I Love Children says:
There is no avoiding the fact that having a baby costs money. Rather than freak out at the thought of overwhelming expenses looming over your head the moment the pregnancy test shows a positive result, couples should learn to take things one step at a time. A baby takes 21 years to grow into an independent adult so your costs are spread out. With a sound financial and savings plan in place, you will be able to provide for your children.

 

QUESTION 4:
How did your spending habits change after you knew that you were expecting a baby?

 

Tim:
We are definitely more prudent with spending. Making sacrifices for the family has just become very real now that the baby is on the way.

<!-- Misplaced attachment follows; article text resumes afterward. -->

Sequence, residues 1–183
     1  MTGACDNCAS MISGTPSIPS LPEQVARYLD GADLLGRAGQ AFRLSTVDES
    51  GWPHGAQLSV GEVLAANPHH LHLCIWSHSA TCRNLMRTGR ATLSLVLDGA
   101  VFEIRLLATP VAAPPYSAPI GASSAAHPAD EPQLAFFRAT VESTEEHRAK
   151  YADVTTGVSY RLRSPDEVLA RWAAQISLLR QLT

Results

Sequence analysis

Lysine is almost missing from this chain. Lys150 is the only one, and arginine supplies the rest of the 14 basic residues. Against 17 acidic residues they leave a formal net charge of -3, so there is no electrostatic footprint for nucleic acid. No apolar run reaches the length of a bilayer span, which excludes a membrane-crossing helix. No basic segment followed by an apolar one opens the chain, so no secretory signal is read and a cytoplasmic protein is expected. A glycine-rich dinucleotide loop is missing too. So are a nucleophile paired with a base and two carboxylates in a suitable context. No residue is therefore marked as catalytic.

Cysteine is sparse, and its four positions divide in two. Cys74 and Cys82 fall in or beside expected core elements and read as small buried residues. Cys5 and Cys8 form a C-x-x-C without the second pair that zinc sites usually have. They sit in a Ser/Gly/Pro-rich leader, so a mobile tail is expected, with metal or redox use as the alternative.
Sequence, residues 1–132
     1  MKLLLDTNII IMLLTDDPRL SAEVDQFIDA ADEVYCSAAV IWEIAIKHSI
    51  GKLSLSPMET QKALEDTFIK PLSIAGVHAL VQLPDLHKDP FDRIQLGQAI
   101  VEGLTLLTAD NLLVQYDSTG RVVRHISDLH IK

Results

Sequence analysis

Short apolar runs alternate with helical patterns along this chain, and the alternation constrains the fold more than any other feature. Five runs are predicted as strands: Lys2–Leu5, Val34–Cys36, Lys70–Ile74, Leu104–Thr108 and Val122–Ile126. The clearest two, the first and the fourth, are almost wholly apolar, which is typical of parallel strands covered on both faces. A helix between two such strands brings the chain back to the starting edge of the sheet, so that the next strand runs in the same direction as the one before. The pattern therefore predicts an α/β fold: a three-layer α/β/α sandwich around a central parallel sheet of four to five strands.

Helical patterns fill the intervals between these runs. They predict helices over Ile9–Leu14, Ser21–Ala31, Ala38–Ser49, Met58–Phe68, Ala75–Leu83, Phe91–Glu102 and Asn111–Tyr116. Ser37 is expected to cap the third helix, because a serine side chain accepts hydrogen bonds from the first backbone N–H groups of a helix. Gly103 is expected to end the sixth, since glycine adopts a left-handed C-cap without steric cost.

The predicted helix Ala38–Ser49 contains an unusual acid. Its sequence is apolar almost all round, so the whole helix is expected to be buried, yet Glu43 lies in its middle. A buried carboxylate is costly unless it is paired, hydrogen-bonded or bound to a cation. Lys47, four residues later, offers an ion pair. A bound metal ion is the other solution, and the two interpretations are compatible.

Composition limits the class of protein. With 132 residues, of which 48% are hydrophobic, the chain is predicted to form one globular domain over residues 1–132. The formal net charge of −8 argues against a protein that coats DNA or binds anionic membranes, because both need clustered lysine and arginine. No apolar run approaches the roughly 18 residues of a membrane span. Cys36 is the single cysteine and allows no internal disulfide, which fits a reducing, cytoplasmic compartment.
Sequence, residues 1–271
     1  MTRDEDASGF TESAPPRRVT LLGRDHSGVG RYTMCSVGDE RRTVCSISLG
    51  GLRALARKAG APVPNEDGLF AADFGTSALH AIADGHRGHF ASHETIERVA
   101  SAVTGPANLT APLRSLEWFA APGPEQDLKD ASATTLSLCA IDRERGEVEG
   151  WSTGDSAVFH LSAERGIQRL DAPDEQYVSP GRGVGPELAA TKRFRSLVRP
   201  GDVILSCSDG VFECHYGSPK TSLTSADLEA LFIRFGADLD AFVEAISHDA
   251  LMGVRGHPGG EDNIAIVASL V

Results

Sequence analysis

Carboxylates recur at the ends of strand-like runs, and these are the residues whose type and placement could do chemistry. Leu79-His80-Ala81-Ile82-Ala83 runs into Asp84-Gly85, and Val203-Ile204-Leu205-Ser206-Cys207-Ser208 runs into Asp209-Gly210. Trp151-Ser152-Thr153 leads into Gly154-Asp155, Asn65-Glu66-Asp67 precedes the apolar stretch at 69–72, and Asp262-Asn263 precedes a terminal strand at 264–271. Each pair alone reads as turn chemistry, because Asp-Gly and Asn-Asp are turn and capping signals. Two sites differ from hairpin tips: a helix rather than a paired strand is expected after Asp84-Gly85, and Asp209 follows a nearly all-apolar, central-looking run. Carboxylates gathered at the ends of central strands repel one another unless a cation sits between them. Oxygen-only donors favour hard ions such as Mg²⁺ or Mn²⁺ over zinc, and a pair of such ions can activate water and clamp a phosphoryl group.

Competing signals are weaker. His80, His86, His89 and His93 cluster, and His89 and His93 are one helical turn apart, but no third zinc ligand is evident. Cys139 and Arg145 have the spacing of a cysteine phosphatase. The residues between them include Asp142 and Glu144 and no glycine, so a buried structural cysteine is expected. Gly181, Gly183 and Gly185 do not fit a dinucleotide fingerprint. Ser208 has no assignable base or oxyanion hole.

I Love Children says:
The thought of being the sole providers for one or more little human beings can be a sobering realization. But you don't have to do it alone. Accept hand-me-downs. Instead of letting friends and family members buy your child yet another toy, invite them to chip in for big ticket items that the child really needs, such as a cot, car seat or stroller. Don't overspend on baby items and look for cheaper alternatives such as secondhand items that are still in good condition. Be open to renting temporary items such as maternity wear - you'll be surprised that it's not as yucky as it sounds.

 

QUESTION 5:
What financial plans or measures do you have in place for your child?

 

Tim:
We are actively saving up and setting aside money for the 'family fund'.

 

I Love Children says:
Bringing up a child is a life-long process so it is important to plan for the long-term. Parents should take advantage of compound interest and save early for their child's tertiary education. It is also prudent to create an emergency fund of three to six months of your salary.

 

*Finance and The Family: Part 2! (Link)